Whale-Watching Overview: Glacier Bay National Park


Glacier Bay National Park Highlights

  • Watch for the Steller sea lion as well as whales. With a lion-like roar, bulls weigh in at 1,800 pounds, are up to 11 feet long, and are plump from a diet of pollock, cod, herring, salmon, squid, and octopus.
  • Join Spirit Walker Expeditions for a multi-day sea kayaking trip into Glacier Bay to see whales and other marine animals, not to mention amazing terrain viewable from both the water and the shore.
  • On board Woodwind Adventures’ 40-inch catamaran, thanks to the boat’s underwater hydrophones, you can listen to whales while you watch them. If the wind’s up, you’ll also get to enjoy some sailing on this six-hour tour.
  • For a motor-vessel-based whale-watching excursion, join Cross Sound Express. Watch the shoreline of the bay for black bear, brown bear, and moose. Pay attention to the steep hillsides above for mountain goats, seals, eagles, Horned Puffins, and other seabirds.
  • If you venture into Icy Strait or Glacier Bay on a whale-watching tour, make sure to bring binoculars or that you can rent or borrow binoculars from the tour operators.

Seeing huge whales in their native habitat counts as one of life's great experiences. Each summer 15 to 20 humpback whales regularly feed in park waters, concentrating in the lower part of the bay. They migrate here from their winter home in the warm waters off Hawaii and can often be seen along the shorelines of Southeast Alaska. Special regulations go into effect when large concentrations of whales are in the park. The regulations affect vessel speed limits and travel routes in certain areas.

Humpback whales are the most acrobatic of whales, heaving their massive selves by leaps and turns out of the water. Humpbacks are both cosmopolitan—found in all oceans—and endangered. Only about seven percent of their pre-whaling numbers remain. Coastal feeders who love shorelines, bays, and fjords, they are naturals for Alaska, which boasts nearly 34,000 miles of tidal shoreline. Humpbacks feed here on krill, shrimp, and various fish, including capelin. Humpbacks feed heavily because, unlike most birds and mammals, they do not feed year-round. Humpbacks must store enough fat in summer to last the rest of the year. Adults average 40 to 50 feet long, females being the larger. Adults weigh in at about three-quarters of a ton per running foot.

An adult humpback has from 600 to 800 baleen plates in its mouth. These plates end in bristles. In the feeding process, huge masses of sea organisms are scooped into the mouth. Then the water, some 150 gallons at a shot, is expelled while the plates filter in the edibles. Were you to stare into a humpback's mouth—which opens to 90 degrees—you might not readily discount the Biblical mishaps of Jonah. Glacier Bay humpbacks have been observed working singly or in pairs to cast a "net" of bubbles about their prey and then harvesting the hapless creatures—probably shrimp and other slower-moving organisms—caught in their airy illusion.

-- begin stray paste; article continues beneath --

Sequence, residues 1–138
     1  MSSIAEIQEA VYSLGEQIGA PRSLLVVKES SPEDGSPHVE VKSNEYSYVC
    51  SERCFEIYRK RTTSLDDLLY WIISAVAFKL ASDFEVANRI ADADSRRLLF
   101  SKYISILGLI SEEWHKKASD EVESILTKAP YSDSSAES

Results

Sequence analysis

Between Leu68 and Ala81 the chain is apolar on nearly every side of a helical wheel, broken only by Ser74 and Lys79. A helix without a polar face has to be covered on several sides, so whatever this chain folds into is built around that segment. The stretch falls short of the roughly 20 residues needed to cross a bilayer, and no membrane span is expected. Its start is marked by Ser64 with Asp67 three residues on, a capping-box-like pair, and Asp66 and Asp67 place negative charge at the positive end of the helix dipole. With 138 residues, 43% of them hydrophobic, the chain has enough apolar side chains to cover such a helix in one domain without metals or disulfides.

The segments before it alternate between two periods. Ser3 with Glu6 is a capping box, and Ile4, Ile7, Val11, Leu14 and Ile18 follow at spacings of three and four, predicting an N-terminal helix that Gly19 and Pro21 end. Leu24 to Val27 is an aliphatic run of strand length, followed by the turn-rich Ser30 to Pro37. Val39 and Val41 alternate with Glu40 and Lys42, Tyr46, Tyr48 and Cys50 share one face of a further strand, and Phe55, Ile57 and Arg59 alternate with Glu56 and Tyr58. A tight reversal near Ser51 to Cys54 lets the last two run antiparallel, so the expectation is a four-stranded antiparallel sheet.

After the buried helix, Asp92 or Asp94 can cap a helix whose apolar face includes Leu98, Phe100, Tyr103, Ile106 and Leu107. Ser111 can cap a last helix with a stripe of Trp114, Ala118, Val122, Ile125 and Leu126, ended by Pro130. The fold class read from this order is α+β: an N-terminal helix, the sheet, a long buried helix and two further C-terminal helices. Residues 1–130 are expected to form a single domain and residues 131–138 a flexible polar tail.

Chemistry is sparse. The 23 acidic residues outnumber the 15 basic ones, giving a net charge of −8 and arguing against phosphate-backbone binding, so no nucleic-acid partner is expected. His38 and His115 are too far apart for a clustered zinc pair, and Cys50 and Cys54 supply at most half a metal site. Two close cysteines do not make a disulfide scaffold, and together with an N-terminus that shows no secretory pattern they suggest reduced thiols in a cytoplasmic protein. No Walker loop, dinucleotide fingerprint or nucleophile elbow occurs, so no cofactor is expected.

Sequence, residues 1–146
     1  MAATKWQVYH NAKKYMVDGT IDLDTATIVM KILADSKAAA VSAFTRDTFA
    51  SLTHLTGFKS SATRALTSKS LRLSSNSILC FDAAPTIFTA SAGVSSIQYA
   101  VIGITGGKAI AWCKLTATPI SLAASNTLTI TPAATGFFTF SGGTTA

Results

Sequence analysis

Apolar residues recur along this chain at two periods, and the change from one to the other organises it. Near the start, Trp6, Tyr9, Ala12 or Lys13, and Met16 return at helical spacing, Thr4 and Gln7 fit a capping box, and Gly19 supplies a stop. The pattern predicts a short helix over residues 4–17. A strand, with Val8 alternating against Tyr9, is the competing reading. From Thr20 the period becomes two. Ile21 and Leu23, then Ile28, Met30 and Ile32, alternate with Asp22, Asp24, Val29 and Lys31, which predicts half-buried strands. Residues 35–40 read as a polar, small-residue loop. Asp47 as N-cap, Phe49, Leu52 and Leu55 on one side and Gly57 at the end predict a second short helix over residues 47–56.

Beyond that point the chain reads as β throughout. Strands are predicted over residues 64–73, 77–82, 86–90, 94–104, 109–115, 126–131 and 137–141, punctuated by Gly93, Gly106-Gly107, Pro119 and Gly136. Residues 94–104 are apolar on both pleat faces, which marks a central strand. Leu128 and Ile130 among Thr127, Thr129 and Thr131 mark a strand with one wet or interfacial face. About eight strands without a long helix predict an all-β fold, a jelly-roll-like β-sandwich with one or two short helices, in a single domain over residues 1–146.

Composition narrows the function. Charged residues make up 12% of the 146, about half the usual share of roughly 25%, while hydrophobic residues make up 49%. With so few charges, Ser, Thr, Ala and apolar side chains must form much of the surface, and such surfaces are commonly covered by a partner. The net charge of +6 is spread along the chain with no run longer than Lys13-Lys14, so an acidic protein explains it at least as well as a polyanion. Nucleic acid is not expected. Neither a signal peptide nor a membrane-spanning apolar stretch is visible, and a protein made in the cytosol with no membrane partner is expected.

Whales include the largest creatures our world has known. Blue whales weighed up to 200 tons before whaling days. Sixty to 100 million years ago the ancestors of today's whales were land-dwelling, warm-blooded, air breathing mammals who successfully returned to the seas to live. Alaskan waters boast ten species of baleen whales and five toothed whales. Glacier Bay waters boast two of the baleen whales, the minke and humpback, and one toothed whale, the orca. The whales' appeal mixes familiarity and strangeness. Whales live in family groups, aid each other in distress, and talk to each other. Some serious observers credit whales with rational thought.

Minke whales are thought to be quite migratory and are more at home in cold northern waters than most baleen whales. (Baleen whales are named for how they feed). Cod and pollock are their main diet here. Farther south, minkes favor krill. The upper size limit of minke whales in northern waters is 33 feet. Among large whales, minkes are fast swimmers, reaching speeds up to 20 miles per hour. As whaling has depleted more favored species, the rich-meated minke has become the most often killed baleen whales. Their North Pacific population appears to have declined to between one-fourth and one-third its pre-whaling numbers.

Orca whales feed on various marine animals, including fish, sea lions, seals, porpoises, sharks, squid, and other whales. Also called killer whales, orcas can hunt in teams and have killed blue whales, the world's largest animals. Male orca whales average about 23 feet long, the females less. They have no natural enemies. Thought to be highly intelligent, orcas are readily trained in captivity. They can swim at a steady 29 miles per hour. Their distinctive, largely triangular dorsal fin may reach nearly six feet high on old males.

The situation of whales, and particularly of the endangered humpback whales, in Glacier Bay has recently been under intensive scrutiny by scientists. The purpose of the studies has been to learn enough about these awe-inspiring creatures to protect them. The numbers of whales present can vary dramatically from year to year. Whether these variations are wholly natural or not is uncertain. Historically, most of our information about whales derives from attempts to harvest them, not to save them from extinction.

Published: 29 Apr 2002 | Last Updated: 15 Sep 2010
Details mentioned in this article were accurate at the time of publication


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